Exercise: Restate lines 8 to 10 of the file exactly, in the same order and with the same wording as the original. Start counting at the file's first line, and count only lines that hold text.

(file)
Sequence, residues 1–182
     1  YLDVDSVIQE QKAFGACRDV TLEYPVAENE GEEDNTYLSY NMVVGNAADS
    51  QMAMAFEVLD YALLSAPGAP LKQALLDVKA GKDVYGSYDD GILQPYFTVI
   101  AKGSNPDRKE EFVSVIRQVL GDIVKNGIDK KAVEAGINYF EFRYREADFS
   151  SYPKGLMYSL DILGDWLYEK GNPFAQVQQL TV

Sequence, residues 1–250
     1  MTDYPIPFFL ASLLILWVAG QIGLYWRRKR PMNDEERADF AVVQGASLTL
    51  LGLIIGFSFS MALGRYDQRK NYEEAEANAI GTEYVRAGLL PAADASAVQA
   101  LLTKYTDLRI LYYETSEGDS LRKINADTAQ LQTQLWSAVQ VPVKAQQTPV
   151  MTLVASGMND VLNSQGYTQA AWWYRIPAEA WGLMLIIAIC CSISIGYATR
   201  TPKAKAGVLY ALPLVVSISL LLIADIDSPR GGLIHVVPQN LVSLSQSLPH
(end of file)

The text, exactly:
    51  LGLIIGFSFS MALGRYDQRK NYEEAEANAI GTEYVRAGLL PAADASAVQA
   101  LLTKYTDLRI LYYETSEGDS LRKINADTAQ LQTQLWSAVQ VPVKAQQTPV
   151  MTLVASGMND VLNSQGYTQA AWWYRIPAEA WGLMLIIAIC CSISIGYATR